When Will the Internet of Things Penetrate Personal Lines?

Nearly a quarter (24%) of independent agencies would like carriers to address smart homes in the next two years, according to the 2018 Future One Agency Universe Study.

While jumbo agencies are most interested in carriers addressing the Internet of Things for commercial lines (36%) and using artificial intelligence to improve risk underwriting (36%), small agencies in particular are most interested in carriers addressing smart homes (31%).

But according to industry experts, risk management offerings like leak sensors and insurance solutions for internet-enabled home devices like TVs and refrigerators still have a long way to go.

“It’s going to be a while before we’re going to see real IoT adoption from a personal lines standpoint,” says Ellen Carney, principal analyst, digital business strategy at Forrester Research, Inc. “Consumers are buying smart home devices, but the problem is there’s no ecosystem to capture the data from these devices and then share it in a meaningful way” [see sidebar].

“In the short-term, there’s a lot more opportunity for the IoT on the commercial lines side, because on the personal lines side, it really requires consumer adoption,” agrees Mark Breading, partner at Strategy Meets Action. “Right now, it’s kind of like the Wild West. There are all kinds of devices and companies selling them, and individuals have to install this stuff themselves.”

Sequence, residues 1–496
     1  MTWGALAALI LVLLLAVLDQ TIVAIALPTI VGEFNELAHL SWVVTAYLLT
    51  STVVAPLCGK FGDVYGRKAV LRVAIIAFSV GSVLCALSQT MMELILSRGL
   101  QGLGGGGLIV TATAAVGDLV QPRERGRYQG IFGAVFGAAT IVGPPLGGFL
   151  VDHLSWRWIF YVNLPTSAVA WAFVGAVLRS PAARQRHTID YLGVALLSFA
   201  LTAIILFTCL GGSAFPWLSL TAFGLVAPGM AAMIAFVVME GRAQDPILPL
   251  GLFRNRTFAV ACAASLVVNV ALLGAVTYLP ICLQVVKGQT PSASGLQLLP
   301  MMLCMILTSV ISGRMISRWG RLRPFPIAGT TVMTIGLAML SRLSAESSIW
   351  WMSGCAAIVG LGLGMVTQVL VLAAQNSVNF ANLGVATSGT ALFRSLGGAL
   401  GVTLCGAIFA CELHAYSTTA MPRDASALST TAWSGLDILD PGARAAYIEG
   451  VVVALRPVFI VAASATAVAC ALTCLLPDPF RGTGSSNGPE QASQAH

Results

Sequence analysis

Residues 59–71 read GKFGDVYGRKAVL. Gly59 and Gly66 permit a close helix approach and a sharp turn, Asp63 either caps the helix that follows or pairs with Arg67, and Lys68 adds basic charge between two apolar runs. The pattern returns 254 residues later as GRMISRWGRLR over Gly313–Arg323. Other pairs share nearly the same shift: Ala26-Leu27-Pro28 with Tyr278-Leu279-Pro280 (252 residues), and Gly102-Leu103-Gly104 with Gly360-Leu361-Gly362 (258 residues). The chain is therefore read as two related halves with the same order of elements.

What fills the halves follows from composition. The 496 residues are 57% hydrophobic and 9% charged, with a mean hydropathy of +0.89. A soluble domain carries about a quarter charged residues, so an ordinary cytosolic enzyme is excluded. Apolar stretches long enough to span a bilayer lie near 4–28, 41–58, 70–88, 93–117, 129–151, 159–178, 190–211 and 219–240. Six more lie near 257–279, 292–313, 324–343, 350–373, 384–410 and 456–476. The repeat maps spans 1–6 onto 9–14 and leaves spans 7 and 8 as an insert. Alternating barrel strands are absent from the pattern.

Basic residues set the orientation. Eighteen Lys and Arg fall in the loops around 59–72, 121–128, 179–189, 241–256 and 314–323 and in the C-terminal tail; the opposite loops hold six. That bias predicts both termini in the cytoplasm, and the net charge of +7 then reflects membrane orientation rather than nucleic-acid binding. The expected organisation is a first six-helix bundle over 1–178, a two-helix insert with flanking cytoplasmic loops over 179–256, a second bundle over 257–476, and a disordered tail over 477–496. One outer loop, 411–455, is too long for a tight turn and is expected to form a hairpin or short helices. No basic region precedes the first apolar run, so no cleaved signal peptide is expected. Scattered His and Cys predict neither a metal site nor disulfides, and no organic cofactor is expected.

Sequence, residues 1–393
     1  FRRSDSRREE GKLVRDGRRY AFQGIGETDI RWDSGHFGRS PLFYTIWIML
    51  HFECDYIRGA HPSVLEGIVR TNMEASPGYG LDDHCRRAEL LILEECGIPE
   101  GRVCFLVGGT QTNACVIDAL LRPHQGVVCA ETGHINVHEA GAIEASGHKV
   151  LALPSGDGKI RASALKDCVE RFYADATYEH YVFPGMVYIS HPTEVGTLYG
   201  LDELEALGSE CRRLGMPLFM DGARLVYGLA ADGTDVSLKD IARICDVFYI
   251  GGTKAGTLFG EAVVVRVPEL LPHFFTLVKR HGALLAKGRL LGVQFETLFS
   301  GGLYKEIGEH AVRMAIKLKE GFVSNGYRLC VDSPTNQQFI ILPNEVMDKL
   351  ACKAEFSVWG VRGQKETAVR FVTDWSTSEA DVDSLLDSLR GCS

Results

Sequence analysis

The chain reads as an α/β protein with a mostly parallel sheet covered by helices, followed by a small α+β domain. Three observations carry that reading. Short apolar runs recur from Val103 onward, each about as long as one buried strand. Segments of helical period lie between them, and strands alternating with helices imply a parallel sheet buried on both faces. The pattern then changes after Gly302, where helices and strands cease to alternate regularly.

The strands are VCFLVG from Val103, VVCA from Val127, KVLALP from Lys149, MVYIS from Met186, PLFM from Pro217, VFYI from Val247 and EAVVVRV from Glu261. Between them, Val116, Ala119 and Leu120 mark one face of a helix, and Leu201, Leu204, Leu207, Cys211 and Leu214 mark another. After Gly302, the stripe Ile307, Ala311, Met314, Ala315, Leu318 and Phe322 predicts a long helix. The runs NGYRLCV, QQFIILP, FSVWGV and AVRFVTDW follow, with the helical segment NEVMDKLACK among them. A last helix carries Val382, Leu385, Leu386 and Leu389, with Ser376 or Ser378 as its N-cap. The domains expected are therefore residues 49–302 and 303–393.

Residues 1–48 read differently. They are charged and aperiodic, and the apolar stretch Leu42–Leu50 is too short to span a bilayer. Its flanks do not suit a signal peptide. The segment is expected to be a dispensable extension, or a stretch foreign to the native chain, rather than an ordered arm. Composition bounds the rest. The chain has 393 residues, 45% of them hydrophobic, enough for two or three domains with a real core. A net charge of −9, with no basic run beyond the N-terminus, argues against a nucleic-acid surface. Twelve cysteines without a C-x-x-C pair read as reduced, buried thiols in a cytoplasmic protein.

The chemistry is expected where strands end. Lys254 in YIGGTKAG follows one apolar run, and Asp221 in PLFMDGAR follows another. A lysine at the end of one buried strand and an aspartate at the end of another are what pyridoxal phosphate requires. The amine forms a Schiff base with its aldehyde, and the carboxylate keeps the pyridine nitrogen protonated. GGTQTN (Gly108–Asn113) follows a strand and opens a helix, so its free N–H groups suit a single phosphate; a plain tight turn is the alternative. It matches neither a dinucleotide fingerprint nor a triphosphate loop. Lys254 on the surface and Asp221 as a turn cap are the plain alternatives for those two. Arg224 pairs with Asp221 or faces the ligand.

Plus, consumers still have serious privacy concerns regarding in-home devices that track and relay their behavior patterns to third parties. Consider that when Forrester asked what would be an appropriate discount for sharing smart home data with an insurance company, the average respondent wanted $200.

“When the average homeowners premium is about a grand, that would require basically giving all your profit away,” Carney points out. “It’s the creepiness factor. People don’t want their insurance company to know they walk out of their house without locking their back door when they’re getting a discount for the ADT system.”

Jay Sarzen, senior analyst on the insurance team at Aite Group, a financial research and advisory firm, believes “there will be gradual acceptance” of IoT devices like leak detectors—“anything where you’re not monitoring behavior,” he explains. “There’s going to be more of an appetite for that than there would be for the IoT of tracking whether you’re changing the batteries in your smoke detectors.”

Jacquelyn Connelly is IA senior editor.

Data Deluge

Data capabilities vary by carrier, but “on the whole, the industry is not in a position to absorb and synthesize all this data itself,” Sarzen says. “That’s why there’s this cottage industry of all these Insur­Techs rising up to say, ‘Hey, you guys can hardly get a handle on the names and addresses of policyholders. You think you’re going to be able to interpret driving data?’”

Many InsurTechs are focusing on creating integration solutions that incorporate data into all kinds of carrier processes, from underwriting to claims to user experience.

“If carriers are willing to work with some of these emerging providers that can help them manage all that data,” Sarzen says, “the IoT opportunity improves substantially.” —J.C.